The information in your credit report is constantly under review. Creditors, landlords and even employers make decisions based on what’s listed on your report.
If this document includes any negative information, it can be a serious problem.
Fortunately, credit rating agencies eventually remove most pieces of negative information from your file.
The amount of time before this happens depends on what type of negative information is on your credit report.
1. Missed payments.
If you are late on a debt payment, the record of late payment will stay on your record for seven years.
If you completely stop paying a debt, the record of the unpaid debt will also stay on your record for seven years, starting from the day your missed payment was due.
The length of time a bankruptcy stays on your credit report depends on what type of bankruptcy you declared.
If you declared Chapter 13 bankruptcy, meaning you restructured your debts to eventually pay them off, this declaration will stay on your report for seven years.
If you declared Chapter 7 bankruptcy, meaning you discharged your debts, this declaration will stay on your report for 10 years. If you foreclosed on a home, this record stays on your file for seven years.
“When it comes to negative
information, time matters.”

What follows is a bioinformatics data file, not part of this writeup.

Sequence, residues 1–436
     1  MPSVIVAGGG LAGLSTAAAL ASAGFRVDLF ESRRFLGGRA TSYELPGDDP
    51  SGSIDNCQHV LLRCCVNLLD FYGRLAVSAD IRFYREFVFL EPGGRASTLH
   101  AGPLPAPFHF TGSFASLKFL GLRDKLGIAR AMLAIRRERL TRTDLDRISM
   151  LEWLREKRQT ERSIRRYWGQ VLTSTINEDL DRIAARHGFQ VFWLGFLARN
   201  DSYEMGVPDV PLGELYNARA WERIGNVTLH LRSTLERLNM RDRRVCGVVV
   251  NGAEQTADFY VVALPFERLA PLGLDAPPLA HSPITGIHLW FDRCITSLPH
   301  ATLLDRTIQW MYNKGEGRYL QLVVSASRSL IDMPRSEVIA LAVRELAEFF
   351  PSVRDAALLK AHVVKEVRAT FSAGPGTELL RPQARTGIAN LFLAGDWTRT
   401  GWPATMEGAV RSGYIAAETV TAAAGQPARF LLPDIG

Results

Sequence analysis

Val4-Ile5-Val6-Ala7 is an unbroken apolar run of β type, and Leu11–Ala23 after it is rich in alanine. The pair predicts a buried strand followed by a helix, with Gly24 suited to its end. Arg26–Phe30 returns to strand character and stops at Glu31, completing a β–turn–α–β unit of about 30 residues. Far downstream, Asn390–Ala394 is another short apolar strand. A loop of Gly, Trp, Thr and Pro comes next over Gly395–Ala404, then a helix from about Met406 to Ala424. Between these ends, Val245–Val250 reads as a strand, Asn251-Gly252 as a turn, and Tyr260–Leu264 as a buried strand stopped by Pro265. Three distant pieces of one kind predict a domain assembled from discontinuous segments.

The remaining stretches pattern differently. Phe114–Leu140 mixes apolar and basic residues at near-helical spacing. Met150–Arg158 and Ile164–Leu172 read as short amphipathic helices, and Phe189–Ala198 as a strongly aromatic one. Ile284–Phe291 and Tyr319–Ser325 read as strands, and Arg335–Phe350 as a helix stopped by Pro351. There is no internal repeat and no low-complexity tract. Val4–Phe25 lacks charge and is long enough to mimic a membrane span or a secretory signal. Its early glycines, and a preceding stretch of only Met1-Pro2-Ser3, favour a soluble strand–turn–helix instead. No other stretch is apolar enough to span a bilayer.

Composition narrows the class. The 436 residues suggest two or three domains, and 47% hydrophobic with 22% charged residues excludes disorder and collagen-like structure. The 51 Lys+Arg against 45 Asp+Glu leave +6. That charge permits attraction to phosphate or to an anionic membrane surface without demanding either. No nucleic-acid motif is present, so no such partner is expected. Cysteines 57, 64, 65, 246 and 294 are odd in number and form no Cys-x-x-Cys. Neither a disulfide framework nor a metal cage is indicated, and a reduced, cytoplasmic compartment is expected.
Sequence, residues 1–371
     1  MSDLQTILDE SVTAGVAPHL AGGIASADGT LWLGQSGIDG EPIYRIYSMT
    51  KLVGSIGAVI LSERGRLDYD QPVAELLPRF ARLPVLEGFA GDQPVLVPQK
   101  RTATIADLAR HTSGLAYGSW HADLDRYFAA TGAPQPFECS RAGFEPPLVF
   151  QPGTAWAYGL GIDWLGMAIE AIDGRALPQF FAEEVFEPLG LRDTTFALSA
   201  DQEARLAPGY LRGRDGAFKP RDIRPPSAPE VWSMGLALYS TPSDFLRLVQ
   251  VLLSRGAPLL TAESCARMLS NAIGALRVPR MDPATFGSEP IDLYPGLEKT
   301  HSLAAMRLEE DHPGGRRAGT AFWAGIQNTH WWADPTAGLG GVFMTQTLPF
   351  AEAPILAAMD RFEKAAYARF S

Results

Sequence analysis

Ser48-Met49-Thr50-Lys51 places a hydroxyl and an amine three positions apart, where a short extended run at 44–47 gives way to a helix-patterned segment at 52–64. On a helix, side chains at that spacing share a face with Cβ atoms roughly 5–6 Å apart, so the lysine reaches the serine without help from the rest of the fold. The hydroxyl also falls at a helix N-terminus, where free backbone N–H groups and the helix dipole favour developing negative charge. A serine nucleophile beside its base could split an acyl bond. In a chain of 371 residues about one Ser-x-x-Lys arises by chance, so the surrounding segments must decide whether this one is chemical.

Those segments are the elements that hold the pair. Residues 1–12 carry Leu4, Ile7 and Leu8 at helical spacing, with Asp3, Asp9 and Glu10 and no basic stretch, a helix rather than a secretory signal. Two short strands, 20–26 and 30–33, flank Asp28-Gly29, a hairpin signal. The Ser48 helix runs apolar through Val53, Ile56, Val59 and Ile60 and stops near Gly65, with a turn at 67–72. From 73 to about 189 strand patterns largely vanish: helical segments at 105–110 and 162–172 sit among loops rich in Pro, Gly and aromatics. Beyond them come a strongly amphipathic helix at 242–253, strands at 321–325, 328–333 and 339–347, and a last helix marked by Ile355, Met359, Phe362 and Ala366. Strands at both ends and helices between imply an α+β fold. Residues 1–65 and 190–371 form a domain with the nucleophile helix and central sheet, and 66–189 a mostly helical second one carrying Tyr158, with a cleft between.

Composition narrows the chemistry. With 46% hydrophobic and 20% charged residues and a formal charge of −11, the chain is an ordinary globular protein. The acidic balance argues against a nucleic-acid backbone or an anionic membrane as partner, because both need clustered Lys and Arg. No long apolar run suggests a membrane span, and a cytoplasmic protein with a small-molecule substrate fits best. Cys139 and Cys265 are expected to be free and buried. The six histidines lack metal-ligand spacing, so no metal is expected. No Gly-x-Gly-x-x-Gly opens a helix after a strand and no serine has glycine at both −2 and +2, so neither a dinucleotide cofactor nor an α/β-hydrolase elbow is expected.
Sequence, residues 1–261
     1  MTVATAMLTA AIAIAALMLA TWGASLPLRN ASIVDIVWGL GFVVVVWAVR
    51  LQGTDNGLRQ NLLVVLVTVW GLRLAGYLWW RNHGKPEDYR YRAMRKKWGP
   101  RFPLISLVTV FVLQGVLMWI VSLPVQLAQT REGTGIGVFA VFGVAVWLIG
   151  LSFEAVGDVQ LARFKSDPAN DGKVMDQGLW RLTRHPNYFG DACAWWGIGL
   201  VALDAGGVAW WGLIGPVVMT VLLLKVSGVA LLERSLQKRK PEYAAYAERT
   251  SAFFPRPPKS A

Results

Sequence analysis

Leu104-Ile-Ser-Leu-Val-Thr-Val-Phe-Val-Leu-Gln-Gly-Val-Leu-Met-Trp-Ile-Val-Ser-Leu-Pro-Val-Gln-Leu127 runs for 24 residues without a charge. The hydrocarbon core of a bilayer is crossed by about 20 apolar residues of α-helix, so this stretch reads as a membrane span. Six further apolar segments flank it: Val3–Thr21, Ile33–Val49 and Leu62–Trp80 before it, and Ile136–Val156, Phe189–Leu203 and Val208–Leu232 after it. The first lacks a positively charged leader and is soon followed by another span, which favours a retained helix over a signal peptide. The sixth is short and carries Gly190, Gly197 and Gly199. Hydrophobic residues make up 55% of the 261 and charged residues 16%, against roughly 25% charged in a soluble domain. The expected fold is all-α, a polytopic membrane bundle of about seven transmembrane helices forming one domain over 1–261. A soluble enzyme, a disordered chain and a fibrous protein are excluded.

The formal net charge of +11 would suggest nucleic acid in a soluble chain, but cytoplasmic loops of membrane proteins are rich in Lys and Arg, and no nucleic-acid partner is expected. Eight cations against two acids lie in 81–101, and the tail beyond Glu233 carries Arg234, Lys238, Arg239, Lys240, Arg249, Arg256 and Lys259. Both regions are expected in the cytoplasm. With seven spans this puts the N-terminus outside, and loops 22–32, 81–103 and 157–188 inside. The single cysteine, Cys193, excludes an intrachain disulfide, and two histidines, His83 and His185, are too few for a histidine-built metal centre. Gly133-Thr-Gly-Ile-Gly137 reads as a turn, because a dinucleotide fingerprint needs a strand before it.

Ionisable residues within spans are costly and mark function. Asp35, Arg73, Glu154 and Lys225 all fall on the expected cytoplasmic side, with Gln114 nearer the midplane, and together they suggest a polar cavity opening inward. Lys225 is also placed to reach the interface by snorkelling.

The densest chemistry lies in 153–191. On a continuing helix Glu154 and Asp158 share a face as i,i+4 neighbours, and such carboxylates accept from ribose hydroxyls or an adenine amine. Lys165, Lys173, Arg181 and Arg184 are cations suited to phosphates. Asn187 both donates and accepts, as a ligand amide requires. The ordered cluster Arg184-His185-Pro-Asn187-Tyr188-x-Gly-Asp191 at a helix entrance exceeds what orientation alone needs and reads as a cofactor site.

3. Public records.
If you lose a financial judgment, this judgment will show up on your credit report for seven years from the day the judgment was filed.
It doesn’t matter whether you pay the judgment or not. It still stays on your report the same amount of time.
If someone placed a lien against your property, this also shows up on your report.
If you paid off your debt to remove the lien, this record will stay on your report for seven years from the day you paid the lien. Unpaid liens can stay on your credit report indefinitely.
Any time someone requests a copy of your credit report, it shows up on your credit report.
If your report shows many inquiries in a short time, it could worry lenders. Depending on the rating agency, inquiries stay on your report between one and two years.
5. Time matters.
When it comes to negative information, time matters. Lenders will be much more concerned about something that happened last month than something that happened five years ago.
Old negative information also hurts your credit score less than recent negative information.
When you have negative information on your credit report, all you can do is wait for it to go away. Use this as motivation to avoid adding negative history to your file in the first place.
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